However, sometimes an employer will classify actual employees as independent contractors simply because it’s cheaper or involves less paperwork. It could also happen because the owner simply isn’t aware of the classification requirements.

When this happens while also providing all the resources needed and perhaps paying by the hour—even with the best of intentions—it is called employee misclassification. Not only does this deny workers their proper protections, it can also result in steep penalties and damage to your company. If the IRS determines that employee misclassification has occurred, the agency could come after your company for any unpaid income tax, Social Security tax or Medicare tax owed on amounts paid.

The Wage and Hour division of the DOL is working with the IRS and several states to combat employee misclassification. To determine whether your company is compliant, you can start by asking yourself a few questions:

  • Does my business pay for the worker’s resources (computer equipment, office supplies, etc.)?
  • Do I have specific instructions on how tasks are to be performed?
  • Is he or she required to work full-time hours for my business?
  • Do I pay based on time increments (such as hours or days) instead of for deliverables?
  • Does my company pay for business/travel expenses (e.g., visiting a client or attending a conference)?
  • Does my company demand that he or she cannot perform similar work for another business?

While there are many additional areas to consider, a “yes” to any of these questions can indicate that the worker should be classified as an employee. Note that having an independent contractor agreement may not provide protection to the company if the other factors suggest employee status. It’s best to consult a human resources consultant or employment attorney to see if any steps are needed to ensure proper classification.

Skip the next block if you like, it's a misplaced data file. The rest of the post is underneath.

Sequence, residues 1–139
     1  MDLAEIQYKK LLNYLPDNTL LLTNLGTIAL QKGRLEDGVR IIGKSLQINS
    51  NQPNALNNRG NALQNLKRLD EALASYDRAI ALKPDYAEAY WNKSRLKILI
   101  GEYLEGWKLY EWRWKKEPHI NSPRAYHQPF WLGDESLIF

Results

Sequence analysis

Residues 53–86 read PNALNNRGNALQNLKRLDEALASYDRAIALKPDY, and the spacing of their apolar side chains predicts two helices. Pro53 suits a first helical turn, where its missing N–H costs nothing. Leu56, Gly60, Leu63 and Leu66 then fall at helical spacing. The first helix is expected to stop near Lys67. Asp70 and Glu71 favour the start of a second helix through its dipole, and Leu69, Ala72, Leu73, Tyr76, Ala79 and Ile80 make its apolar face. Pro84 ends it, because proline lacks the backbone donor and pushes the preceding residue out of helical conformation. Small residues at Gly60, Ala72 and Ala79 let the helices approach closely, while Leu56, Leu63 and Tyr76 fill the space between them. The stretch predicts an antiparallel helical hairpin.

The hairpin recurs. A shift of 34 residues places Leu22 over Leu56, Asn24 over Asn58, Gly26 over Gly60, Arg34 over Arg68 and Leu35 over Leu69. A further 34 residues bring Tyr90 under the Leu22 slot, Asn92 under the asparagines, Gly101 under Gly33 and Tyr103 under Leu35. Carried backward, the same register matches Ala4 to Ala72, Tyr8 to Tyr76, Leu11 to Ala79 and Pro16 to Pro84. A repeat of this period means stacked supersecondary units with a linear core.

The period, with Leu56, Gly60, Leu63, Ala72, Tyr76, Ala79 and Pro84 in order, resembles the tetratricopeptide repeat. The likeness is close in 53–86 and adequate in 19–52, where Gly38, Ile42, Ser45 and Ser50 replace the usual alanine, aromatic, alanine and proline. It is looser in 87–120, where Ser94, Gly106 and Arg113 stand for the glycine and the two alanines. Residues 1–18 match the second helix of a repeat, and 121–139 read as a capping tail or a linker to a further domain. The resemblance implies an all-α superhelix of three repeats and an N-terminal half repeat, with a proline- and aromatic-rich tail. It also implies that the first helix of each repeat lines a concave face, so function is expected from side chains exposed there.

Protect Yourself and Your Company from Liability

Some companies hire contractors because they assume it will protect them from lawsuits regarding the conduct or performance of that person (since he or she is not an actual employee). However, this is not always true.

In liability cases, one test for validity is the customer’s perception about the provider’s employment. Let’s say an independent contractor you hired performs work that results in a lawsuit filed by the customer. If you haven’t made it clear at every stage of the customer relationship that this person is not an employee of your business, the perception is that the practitioner is an employee. Additionally, your liability insurance policy might cover contractors; if it does, the plaintiff’s lawyers often look for such coverage as a source of funding if the plaintiff wins.